- Title: The Bitch
- Author: Les Edgerton
- Genre: Crime Noir
- Format: Kindle
- Source: Netgalley
- Reviewed by: Mark Matthews
- Rating: 5 out of 5
Description: Ex-con Jake Bishop is several years past his second stint in prison and has completely reformed. He’s married, expecting a child, and preparing to open his own hair salon. But then an old cellmate re-enters his life begging for a favor: to help him with a burglary. Forced by his code of ethics to perform the crime, Jake’s once idyllic life quickly plunges into an abyss. Jake soon realizes that there is only one way out of this purgatory . . . and it may rupture his soul beyond repair.
Review: First off, I should note that the title “The Bitch” is in reference to the main character’s fear of being labeled a “Ha-Bitch-ual” criminal. More on that later.
Ex-con trying to fly straight and be a family man gets called back into the lifestyle. Sure, you may have seen this done before: But this author does it so well that it never gets trite. Feels like true crime, with a language that is never forced.
The tension escalated beautifully. Unpredictable, yet always getting higher, like the tick, tick, ticking noise you hear the roller coaster make as you climb that first hill. You weren’t sure what twist it was going to take, only that the author showed so much skill you would trust it would be somewhere interesting. You get to know the main character so well, that it’s hard not to take him out of the book and back home with you.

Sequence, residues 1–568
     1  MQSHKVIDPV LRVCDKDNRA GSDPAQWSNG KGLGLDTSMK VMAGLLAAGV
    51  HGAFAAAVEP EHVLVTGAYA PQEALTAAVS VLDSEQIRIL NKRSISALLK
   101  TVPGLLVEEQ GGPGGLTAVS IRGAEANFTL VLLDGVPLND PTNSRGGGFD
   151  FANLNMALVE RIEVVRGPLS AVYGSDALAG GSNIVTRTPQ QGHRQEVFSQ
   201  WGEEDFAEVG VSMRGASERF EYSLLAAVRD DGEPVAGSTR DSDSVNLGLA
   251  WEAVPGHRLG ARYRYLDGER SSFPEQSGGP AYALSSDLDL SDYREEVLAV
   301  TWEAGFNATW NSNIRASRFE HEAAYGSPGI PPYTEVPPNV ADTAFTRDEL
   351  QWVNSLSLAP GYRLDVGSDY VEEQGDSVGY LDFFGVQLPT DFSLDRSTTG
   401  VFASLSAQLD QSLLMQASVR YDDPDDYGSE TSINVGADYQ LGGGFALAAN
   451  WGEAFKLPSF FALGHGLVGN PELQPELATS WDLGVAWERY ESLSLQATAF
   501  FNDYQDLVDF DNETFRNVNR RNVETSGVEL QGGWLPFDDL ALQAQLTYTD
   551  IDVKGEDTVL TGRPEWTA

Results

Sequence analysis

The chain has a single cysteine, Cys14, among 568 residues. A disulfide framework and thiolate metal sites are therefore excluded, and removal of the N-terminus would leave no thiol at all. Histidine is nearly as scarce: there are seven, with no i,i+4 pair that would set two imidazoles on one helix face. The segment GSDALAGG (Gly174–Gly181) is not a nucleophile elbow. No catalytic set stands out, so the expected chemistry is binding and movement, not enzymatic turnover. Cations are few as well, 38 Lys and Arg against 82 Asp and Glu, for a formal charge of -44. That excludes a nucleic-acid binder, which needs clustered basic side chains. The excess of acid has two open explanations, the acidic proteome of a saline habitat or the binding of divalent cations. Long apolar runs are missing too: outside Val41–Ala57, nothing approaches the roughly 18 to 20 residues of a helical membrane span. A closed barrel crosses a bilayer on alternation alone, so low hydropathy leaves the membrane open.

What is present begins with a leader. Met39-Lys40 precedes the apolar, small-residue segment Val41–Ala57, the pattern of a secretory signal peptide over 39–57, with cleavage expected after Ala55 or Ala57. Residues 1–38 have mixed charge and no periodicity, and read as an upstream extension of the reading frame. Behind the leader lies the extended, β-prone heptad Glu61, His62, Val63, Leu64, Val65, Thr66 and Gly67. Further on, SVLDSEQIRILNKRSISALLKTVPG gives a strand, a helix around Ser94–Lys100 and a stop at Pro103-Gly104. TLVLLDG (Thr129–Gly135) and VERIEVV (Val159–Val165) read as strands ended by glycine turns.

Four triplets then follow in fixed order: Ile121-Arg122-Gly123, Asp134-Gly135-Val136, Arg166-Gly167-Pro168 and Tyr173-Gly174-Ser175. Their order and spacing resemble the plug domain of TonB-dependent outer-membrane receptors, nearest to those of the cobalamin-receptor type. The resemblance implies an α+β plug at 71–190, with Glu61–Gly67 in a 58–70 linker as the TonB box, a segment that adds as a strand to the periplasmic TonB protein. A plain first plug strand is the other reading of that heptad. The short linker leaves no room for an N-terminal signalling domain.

As far as the title referring to the legal implications of being labeled a “Ha-Bitch-ual” criminal, I don’t think the author would mind you thinking otherwise. In some ways, the main character lets his past make him his bitch, so to speak, by trying to live by the code of his old world and be happy in the new. Likewise, his wife, tries a ‘cross-over’ with similar results. There is moral ambiguity here and a value system that the main character has that you don’t have to admire, but you will certainly feel it along the way. As the main character, Jake, goes rifling through what to do next, you want to scream out to him, “Dude, did you realize you just ((spoiler alert)) how are you going to shoot a move through this one?”
I have to believe that crime fiction speaks to the voyeur in all of us. The part who want to know how criminals live and what they think. And the best crime fiction makes us realize they are one of us, or we are one of them. We find ourselves identifying with the character at some parts, wishing they had more of a moral compass at other parts. We may get disgusted at their choices, other times we may just wish they’d be more slick and get away with it. All of these things and more crossed my mind as I committed crimes alongside Jake and Walker.
Read this for the story, for the plot, for the characters, and for the concise as a concrete slab prose. If you are lucky like me, you can read it at your parents cottage, isolated, surrounded by snow, which was exactly the setting the characters found themselves in as they tried to cover the tracks of their misdeeds. I was able to go home and live happily ever after with my family. The characters of this book may have not been so lucky.